Senators On Jihad 2.0: We’ll Take Down ISIS With ‘Fancy Memes’

Al-Qaida has been replaced by ISIS at the focal point of counterterrorism efforts. When legislators talk about fighting terrorism, they talk about taking on ISIS. ISIS, like any other organization out there, has used social media platforms to spread its message. Whether or not its efforts have been more successful than previous like-minded organizations hasn’t really been quantified, but for sheer shock value, it has every other terrorist outfit beat.

Because images and recordings of its atrocities have spread through the internet with amazing speed and ease, it’s tempting to view ISIS as a group of digital natives — people whose entire life has been filled with some sort of internet outlet for sociable sharing. The group seems to contain much sought after viral power, but that’s likely due to its audience spending an increasing amount of time viewing the world through a browser, rather than through nightly news reports and morning papers.

The perception is the truth and a few US senators are seeking to counteract ISIS’s viral power by utilizing the same playing fields. This may be a good idea, but it’s also providing for some inadvertent hilarity as legislators put two and two together and get Voice of America: Buzzfeed edition.

“There’s an obvious piece of legislation that we need to start working on,” Sen. Ron Johnson, R-Wisc., said during a Homeland Security Committee hearing on “Jihad 2.0“.

“Let’s face it: We invented the Internet. We invented the social network sites. We’ve got Hollywood. We’ve got the capabilities… to blow these guys out of the water from the standpoint of communications.”

Sen. Cory Booker, D-N.J., backed his colleague’s appeal. “Look at their fancy memes compared to what we’re not doing,” Booker said, displaying examples of jihadist online postings.

This doesn’t bode well. The average member of America’s governing bodies may generally find the use of the adjective “fancy” to still be perfectly normal, but the internet battlefield they’re wishing to enter has never combined the words “fancy” and “meme” before. Booker’s youth puts him in shouting distance of digital natives, but his clumsy phrasing could not have separated him further from the hearts and minds he’s wishing to conquer.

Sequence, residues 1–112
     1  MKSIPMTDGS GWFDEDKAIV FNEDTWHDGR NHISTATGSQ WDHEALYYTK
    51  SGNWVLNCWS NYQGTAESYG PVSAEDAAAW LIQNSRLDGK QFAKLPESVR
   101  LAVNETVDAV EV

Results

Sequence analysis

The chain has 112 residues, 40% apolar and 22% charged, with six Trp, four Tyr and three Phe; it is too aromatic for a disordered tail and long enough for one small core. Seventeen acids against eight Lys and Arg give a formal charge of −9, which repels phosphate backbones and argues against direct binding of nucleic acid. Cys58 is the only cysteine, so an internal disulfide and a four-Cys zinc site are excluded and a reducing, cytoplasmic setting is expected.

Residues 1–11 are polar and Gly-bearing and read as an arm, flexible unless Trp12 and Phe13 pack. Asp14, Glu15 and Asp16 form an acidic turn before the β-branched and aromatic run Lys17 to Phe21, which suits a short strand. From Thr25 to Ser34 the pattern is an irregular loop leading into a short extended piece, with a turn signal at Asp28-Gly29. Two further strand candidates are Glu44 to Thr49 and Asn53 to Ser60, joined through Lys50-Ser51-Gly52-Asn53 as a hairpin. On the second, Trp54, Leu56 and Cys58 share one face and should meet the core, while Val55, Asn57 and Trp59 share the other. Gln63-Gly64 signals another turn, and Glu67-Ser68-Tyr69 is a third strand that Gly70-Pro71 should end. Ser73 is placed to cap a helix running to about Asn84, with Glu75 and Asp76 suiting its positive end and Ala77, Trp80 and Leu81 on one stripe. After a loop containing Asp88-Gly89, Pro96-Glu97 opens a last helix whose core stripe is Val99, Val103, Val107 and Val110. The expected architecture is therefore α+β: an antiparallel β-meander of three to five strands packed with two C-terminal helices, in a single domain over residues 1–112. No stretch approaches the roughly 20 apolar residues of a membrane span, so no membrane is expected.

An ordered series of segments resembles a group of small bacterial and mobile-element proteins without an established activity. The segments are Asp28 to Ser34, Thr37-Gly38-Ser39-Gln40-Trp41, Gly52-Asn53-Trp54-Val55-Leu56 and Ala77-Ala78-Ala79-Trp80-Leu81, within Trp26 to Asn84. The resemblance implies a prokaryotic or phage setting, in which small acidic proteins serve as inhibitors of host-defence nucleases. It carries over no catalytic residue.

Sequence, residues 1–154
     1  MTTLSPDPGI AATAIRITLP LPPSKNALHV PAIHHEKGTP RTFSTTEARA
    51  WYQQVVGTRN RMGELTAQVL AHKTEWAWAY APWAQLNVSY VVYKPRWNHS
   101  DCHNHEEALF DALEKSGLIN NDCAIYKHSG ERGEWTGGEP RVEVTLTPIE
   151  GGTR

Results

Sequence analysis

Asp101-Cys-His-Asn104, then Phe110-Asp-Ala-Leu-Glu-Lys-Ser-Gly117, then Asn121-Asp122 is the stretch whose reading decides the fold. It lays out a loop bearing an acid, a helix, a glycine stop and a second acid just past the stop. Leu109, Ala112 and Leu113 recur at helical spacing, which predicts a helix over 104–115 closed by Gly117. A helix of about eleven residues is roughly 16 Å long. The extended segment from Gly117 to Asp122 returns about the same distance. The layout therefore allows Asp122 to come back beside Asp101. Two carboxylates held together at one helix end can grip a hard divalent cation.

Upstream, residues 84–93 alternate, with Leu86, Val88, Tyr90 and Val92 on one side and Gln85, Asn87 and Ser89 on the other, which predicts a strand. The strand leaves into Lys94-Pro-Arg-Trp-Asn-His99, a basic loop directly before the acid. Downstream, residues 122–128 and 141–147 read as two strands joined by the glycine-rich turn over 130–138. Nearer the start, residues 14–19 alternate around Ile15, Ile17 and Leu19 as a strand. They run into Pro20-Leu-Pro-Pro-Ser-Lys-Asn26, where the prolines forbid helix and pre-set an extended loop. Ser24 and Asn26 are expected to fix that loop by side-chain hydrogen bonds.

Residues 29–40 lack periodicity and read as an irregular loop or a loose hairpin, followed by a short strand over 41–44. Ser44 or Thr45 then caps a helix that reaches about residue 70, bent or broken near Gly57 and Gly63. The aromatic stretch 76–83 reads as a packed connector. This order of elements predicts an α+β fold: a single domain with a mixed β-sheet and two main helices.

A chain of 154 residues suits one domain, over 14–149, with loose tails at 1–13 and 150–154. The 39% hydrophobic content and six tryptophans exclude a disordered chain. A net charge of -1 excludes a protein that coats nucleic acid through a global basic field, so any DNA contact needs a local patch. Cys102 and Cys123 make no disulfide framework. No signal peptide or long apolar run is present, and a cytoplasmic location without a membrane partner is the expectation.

Booker does raise valid points, though. There is some value in deploying counterpropaganda using the same communications channels. He later lamented the “millions” being spent on tools of dubious effectiveness, like Voice of America.

There are ways to deter potential ISIS sympathizers and recruits, but the US is engaged in roughly none of them. A constant military presence that alternated between surges and drone strikes isn’t likely to result in fence-sitters opting for the American way. What’s worse is the FBI’s ongoing Grow Your Own Terrorist!™ program, which has succeeded in saving the world from a collection of “terrorists” whose only criminal act was playing along with undercover agents’ suggestions in exchange for the occasional self-esteem boost. As a result of these so-called sting operations, those who could actually use help in dissuading friends or family members from being swayed by ISIS’s message are instead keeping their concerns to themselves.

[National security expert Peter Bergen] noted that Muslim families who see a son or daughter radicalizing online are deterred from reporting the matter to the FBI out of fear that he or she will be thrown in jail for more than a decade.

When the purchase of plane tickets to certain nations is construed as “providing material support” for terrorism, there’s something wrong with the system.

This isn’t meant to be a total and preemptive condemnation of potential US efforts to engage ISIS on the digital battlefield. The problem is that the government is the entity least likely to do this effectively, seeing as it’s largely unused to deploying anything with subtlety or agility. That it’s calling on Hollywood to help it with its counterterrorism efforts is also a bit concerning, considering it conjures up images of Uncle Sam running a propaganda mill out of a studio backlot. Not only will this do little to sway potential ISIS sympathizers, but it’s also apt to turn more citizens against their government, even if they agree that ISIS is a worthwhile target.

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